This flexibility allows any combination of fuel delivery, depending on the demand at the forecourt. So for example, if the forecourt needed 25,000 litres of diesel / 15,000 litres of petrol or 10,000 litres of diesel / 30,000 litres of petrol or indeed any combination of volume, they can all be accommodated on one tanker and with one delivery. It is important to remember that there are weight limits on tankers, so that depending on the volumes carried, not all compartments will necessarily be full. The petrol carrying capacity of a tanker is circa 42,000 litres, whilst diesel (because it is heavier) is 36,000 litres.
Finally, there are some tankers that only ever carry one grade of fuel and therefore do not require separate compartments. In this case, the tanker must always be filled to maximum capacity to ensure that weights are balanced and quite literally, the product isn’t sloshing around as it goes around corners. A good example of a single compartment tanker would be for jet fuel deliveries to airports.
This month’s question is from Eddie in the Algarve (very nice too)
February 6, 2012 Hi there. I take home heating oil to heat my house and I have noticed that the invoice refers to 28s Burning Oil. What does this mean?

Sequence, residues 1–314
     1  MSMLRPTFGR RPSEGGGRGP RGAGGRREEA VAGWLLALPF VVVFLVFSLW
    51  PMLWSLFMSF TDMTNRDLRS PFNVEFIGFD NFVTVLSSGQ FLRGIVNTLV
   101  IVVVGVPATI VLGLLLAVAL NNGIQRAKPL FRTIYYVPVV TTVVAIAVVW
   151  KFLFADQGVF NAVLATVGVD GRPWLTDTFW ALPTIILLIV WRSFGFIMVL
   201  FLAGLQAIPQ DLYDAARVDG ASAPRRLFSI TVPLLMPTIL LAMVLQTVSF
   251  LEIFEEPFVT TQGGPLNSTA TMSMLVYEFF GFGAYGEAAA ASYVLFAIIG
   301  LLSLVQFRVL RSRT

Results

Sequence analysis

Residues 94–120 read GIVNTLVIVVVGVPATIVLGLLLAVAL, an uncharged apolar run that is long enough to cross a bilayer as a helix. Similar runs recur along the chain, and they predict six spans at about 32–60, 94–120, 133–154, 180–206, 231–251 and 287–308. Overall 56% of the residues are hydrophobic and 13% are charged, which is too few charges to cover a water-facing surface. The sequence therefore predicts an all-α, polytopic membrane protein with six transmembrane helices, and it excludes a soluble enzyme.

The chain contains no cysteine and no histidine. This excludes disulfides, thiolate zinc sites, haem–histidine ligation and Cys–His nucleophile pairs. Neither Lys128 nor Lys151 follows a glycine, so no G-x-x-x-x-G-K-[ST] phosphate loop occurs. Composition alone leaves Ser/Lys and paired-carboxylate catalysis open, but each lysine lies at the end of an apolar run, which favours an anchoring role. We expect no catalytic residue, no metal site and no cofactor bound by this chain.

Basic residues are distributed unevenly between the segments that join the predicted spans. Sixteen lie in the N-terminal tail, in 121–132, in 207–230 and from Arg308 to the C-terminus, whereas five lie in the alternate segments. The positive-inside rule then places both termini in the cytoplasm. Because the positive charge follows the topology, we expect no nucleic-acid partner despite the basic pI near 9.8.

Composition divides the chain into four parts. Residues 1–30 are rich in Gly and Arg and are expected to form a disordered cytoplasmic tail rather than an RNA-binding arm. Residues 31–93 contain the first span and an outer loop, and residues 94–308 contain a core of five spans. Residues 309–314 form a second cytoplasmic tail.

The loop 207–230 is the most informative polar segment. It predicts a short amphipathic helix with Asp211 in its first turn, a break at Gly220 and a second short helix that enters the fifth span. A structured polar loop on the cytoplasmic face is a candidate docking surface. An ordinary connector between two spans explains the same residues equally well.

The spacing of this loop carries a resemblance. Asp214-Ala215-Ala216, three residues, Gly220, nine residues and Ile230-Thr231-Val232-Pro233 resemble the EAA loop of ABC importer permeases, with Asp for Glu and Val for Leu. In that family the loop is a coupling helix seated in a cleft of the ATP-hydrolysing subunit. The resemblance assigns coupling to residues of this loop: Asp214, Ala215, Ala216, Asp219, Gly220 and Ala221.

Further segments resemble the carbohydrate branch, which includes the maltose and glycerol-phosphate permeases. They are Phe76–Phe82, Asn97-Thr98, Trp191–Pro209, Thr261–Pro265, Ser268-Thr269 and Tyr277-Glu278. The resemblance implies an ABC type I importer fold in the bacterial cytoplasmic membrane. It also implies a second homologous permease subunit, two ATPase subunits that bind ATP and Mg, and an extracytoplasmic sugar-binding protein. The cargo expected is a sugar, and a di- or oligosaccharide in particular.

Thanks for the question Fergus. “28s Burning Oil” is the old / traditional name for home heating oil. It is actually exactly the same grade of fuel as aviation turbine fuel (Jet Fuel), ie, the stuff that goes into aeroplanes! In fact, the only difference between what jumbo jets use and what goes into your boiler at home, is that the latter has a pale yellow dye, to identify it as domestic / non-transportation use only.
The “28s” (28 seconds) term refers to the fantastically archaic test that was historically used to measure the viscosity of fuel products. Viscosity is essentially the pouring characteristics of liquid fuel – “pourability” would be a better term, but we don’t think it’s a word! Anyhow, using a Redwood Viscometer, the fuel is poured through a narrow hole (less than 3mm in diameter). The time it takes 50ml to pour through the hole is the “second” measurement. So Kerosene is a 28 second fluid, whereas the slightly heavier Gasoil (Red Diesel) is sometimes called “35 second oil”, because it takes 7 seconds longer than Kerosene to flow through the same hole.
That such tests were ever invented boggles the mind, but we assume people just had more time in those days…
This question comes from Fergus in Ballymena, NI
January 18, 2012 How is the pre-tax diesel pence per litre price calculated?
Wotcha John, roll out the barrel, how’s ya father, Shaaaaat uppp and the only way is Essex. There – we’ve got all our Southend stereotypes out of the way in one sentence. How’s the Westcliff Casino BTW? Many happy memories…
This is a good question on how diesel is priced and a subject that probably causes more confusion amongst the general public than any other.